Rule of thumb for cats for initial rate: 3 mL/kg/hr
Rule of thumb for dogs for initial rate: 5 mL/kg/hr

Note that not only are the initial fluid rates lower than the previously recommended 10ml/kg/hr, but a schedule for gradual reduction of fluid rates as the anesthetic period progresses is also recommended. These guidelines are considerably different from what was previously thought to be necessary fluid rates for anesthetized animals, but are based on carefully considered factors, evidence based medicine, and clinical experience of board certified specialists.


1. Ann Weil, DVM, DACVAA. Anesthesia reboot: Erase these myths and misconceptions. Veterinary Medicine, October 2014, pg. 318.

2. Harold Davis, BA, RVT, VTS (ECC), Tracey Jensen, DVM, DABVP, Anthony Johnson, DVM, DACVECC, 2013 AAHA/AAFP Fluid Therapy Guidelines for Dogs and Cats. J Am Anim Hosp Assoc 2013; 49:149–159.


What are your thoughts or opinions about this change in recommended fluid dosage?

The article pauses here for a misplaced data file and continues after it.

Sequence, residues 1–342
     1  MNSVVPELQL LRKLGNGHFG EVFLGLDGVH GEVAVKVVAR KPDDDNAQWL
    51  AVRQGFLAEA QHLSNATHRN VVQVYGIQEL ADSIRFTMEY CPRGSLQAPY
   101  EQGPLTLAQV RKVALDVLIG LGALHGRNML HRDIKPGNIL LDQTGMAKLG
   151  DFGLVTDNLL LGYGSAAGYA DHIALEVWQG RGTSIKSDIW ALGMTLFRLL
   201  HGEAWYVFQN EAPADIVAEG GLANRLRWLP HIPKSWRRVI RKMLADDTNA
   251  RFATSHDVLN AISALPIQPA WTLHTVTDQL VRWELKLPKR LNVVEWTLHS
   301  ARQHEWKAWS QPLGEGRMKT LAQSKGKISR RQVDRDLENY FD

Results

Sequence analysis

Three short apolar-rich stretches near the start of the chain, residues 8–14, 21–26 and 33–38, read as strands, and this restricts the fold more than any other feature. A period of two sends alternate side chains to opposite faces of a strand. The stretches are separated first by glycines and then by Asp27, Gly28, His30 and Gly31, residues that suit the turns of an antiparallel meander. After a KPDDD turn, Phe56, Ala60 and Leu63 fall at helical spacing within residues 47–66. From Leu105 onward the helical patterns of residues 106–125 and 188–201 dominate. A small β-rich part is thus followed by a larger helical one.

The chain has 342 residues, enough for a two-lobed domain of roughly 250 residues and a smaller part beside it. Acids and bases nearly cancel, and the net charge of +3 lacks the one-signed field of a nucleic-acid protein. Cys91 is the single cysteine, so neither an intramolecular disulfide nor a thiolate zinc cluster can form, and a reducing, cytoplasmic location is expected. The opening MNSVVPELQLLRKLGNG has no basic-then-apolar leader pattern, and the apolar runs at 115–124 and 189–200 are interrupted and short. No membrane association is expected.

In private practice, in which anesthetized patients do you typically run intravenous fluids; in all animals or do you have some kind of selection criteria? In other words, what do you think the standard of care should be for fluid administration under anesthesia?

Please post comments either here on the blog site or on my facebook page:
Dr. Stephen Birchard, Veterinary Continuing Education


Monday, November 10, 2014

Large Tumor On The Skull of a Dog: The story of "Rocky" the Norwegian Elkhound

Rocky was a 7 year old male castrated Norwegian Elkhound. Several months previous to presentation he developed a slowly growing firm mass on the dorsal cranium.  The owners reported no other significant health problems. 
Fig. 1: This is Rocky under anesthesia being prepared for surgery.
Note large mass on the dorsum of the skull.